Treehuggers International

Farmers Markets and Organic Farming

July 15th, 2007

The Columbia City Farmers Market runs from April to October.

One of the great pleasures of living in Seattle is the regular abundance of fresh Pacific Northwest food and neighborhood farmers markets, seemingly located in every corner of the city. From apples and Rainier cherries to peppers, roots, and herbs, the volume of tasty, healthy delights available at area farmer’s markets never ceases to amaze.

But these neighborhood markets don’t just appear out of thin air, there’s a dedicated, hard-working crew of people behind the scenes who organize, arrange, and set up weekly farmers markets throughout Seattle.

From the Neighborhood Farmers Market Alliance, Janet Hurt joins Treehuggers International to discuss the history and growth of Seattle-area farmers markets and the resurgence of specialty organic family farms, while comparing and contrasting farmers markets prices to prices at your local grocery store.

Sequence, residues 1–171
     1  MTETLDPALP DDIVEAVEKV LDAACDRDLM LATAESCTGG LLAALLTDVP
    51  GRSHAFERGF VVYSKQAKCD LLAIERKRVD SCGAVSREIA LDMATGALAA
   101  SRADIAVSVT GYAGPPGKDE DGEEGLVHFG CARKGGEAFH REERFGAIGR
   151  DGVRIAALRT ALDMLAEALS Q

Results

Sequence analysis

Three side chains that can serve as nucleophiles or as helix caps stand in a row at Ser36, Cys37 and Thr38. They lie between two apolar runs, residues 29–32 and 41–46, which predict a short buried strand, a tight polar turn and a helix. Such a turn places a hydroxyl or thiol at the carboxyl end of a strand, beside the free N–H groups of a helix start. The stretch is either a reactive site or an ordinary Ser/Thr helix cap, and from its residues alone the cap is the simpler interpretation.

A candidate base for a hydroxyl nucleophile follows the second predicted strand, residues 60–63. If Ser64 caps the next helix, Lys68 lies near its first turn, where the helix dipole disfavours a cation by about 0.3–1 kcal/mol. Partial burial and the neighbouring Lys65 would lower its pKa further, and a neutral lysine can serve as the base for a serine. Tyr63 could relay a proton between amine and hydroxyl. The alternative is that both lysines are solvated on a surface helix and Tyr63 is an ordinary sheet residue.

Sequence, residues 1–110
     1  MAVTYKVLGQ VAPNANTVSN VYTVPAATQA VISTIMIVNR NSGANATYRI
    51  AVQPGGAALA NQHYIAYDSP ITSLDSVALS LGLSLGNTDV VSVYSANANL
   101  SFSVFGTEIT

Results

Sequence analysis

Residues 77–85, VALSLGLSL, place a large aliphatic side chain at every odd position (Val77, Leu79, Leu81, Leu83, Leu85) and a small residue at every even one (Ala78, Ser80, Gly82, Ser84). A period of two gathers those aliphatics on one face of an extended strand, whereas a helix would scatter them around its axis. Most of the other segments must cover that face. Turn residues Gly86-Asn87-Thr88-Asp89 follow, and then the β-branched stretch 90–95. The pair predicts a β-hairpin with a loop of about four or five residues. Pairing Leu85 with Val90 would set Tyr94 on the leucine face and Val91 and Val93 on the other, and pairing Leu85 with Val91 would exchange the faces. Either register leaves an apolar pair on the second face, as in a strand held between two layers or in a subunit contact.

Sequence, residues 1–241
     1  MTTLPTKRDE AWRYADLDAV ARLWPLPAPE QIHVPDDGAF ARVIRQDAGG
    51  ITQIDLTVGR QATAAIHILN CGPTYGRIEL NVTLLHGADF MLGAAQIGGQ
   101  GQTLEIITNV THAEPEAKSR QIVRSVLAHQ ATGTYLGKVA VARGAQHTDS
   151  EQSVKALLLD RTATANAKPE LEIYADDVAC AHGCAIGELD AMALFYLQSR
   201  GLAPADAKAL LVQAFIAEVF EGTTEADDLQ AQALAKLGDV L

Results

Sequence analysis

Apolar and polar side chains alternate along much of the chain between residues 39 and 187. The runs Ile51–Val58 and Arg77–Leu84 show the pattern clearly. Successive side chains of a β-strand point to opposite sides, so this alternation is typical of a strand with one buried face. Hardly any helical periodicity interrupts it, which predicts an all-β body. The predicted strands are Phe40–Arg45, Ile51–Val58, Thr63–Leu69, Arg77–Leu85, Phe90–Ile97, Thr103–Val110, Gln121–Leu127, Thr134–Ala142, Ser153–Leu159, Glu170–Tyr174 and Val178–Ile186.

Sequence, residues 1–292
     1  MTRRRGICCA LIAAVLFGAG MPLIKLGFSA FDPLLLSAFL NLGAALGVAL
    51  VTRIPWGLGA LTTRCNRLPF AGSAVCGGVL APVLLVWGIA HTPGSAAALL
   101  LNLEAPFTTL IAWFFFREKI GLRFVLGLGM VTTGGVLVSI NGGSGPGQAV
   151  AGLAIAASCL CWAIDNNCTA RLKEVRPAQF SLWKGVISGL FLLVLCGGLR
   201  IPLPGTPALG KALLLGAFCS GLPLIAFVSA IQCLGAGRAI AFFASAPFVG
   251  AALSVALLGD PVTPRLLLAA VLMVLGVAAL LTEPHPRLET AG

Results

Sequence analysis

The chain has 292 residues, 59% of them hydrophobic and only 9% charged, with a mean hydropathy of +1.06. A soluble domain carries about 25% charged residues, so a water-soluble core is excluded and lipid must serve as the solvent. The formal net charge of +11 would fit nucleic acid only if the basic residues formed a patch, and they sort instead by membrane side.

Janet also explains the basics of organic farming, the benefits of buying local, the freshness and variety of food available at area farmer’s markets, and the ability for the customer to talk directly to the farmers in person.

We’ll debunk farmers markets myths, explain what constitutes a “local” farm, discuss the positive impact of the Neighborhood Farmers Markets Alliance and other markets on local economies and the neighborhoods they operate in, how buying and eating locally-grown food can lower the chance of disease outbreaks, and the need to retain productive farmland and open spaces in the growing Skagit Valley between Seattle and Vancouver.

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The Magnolia Farmers Market is open June through September.

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